Jacobs’s story is structured around a pattern of threes. The central force of the story is the monkey’s paw, which will grant three separate owners three wishes each. The White family is made up of three people. Mr. White is the third owner of the paw. (The second owner is Sergeant-Major Morris; the first owner used his third wish for death.) Sergeant-Major Morris begins talking about his adventures in India after three glasses of whisky and urges Mr. White three times not to wish on the paw. The representative from Maw and Meggins approaches the Whites’ gate three times before he musters up the courage to walk up the path to their door. Mrs. White orders her husband three times to wish Herbert alive again before he retrieves the paw. And the reanimated corpse of Herbert knocks three times before his mother hears him. In addition to permeating the plot, the number three gives “The Monkey’s Paw” its structure. The story is broken up into three parts, which take place at three times of day, during three types of weather. Part I occurs in the evening during a rainstorm. Part II takes place during the morning of a bright winter day. Part III is set in the middle of a chilly, windy night.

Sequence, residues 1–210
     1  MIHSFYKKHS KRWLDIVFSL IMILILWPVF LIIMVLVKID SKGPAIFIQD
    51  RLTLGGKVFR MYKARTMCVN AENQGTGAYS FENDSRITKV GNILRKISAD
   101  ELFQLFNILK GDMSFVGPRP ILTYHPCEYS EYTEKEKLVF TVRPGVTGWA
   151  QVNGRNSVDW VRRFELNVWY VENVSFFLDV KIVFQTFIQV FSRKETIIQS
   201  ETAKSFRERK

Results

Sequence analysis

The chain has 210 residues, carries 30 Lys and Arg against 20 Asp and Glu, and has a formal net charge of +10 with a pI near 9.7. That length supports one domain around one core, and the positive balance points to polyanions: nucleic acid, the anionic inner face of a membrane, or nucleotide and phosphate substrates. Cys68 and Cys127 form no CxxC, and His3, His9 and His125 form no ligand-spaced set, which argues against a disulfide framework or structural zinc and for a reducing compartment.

By stressing threes, Jacobs taps into a number of associations that are common in Western culture. Most relevant to the story is the saying “bad luck comes in threes.” One well-known trinity, or three, is from Christian theology, in which God is composed of the Father, Son, and Holy Spirit. Disregard for threes has been superstitiously equated with disregard for the trinity. In the case of Jacobs’s characters, faith in a non-Christian totem (the paw) may be interpreted as disrespect for Christianity. Finally, because twos commonly occur in nature (we have two legs, two eyes, two hands, and so on), threes are often used in literature to produce a perverse or unnatural effect.